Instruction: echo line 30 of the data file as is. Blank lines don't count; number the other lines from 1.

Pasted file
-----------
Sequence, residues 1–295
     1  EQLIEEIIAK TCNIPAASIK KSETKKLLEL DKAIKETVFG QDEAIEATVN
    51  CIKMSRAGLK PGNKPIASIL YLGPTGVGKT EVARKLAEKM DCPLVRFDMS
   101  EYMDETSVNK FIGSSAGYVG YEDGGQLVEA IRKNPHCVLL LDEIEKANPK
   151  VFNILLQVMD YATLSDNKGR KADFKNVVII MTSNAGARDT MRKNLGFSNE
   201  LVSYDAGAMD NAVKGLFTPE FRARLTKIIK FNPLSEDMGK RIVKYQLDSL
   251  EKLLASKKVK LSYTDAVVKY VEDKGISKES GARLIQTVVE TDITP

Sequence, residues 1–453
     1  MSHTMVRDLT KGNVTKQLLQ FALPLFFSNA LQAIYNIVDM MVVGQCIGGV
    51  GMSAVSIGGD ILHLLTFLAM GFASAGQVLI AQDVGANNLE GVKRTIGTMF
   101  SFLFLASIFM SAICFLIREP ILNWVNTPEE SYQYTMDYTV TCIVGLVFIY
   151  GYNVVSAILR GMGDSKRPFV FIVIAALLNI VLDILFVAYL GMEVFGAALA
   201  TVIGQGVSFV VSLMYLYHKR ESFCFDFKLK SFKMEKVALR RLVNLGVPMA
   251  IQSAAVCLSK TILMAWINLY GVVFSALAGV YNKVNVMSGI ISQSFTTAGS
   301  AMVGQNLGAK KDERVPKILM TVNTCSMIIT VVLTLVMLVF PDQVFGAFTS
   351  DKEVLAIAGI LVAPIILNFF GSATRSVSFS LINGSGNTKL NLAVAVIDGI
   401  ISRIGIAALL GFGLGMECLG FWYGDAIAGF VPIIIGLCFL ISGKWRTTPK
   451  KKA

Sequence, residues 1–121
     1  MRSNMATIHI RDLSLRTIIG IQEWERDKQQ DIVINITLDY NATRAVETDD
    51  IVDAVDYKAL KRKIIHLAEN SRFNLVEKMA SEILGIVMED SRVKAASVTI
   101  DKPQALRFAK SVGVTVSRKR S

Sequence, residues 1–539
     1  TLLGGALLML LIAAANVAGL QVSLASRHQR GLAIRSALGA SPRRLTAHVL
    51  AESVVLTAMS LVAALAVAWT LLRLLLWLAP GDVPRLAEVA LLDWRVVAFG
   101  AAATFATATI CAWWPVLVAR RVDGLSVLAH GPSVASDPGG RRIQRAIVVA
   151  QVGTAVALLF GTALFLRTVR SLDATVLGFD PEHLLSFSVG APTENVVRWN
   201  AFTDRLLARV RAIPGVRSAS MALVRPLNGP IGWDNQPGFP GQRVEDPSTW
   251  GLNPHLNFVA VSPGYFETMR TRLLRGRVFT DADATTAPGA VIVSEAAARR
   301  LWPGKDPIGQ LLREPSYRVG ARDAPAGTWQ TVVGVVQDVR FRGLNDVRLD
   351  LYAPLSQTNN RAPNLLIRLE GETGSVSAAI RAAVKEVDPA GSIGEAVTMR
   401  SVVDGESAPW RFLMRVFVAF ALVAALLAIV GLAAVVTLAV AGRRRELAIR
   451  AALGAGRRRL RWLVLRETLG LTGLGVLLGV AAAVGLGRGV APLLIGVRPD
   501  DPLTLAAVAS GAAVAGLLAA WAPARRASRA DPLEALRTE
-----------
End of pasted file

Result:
   301  LWPGKDPIGQ LLREPSYRVG ARDAPAGTWQ TVVGVVQDVR FRGLNDVRLD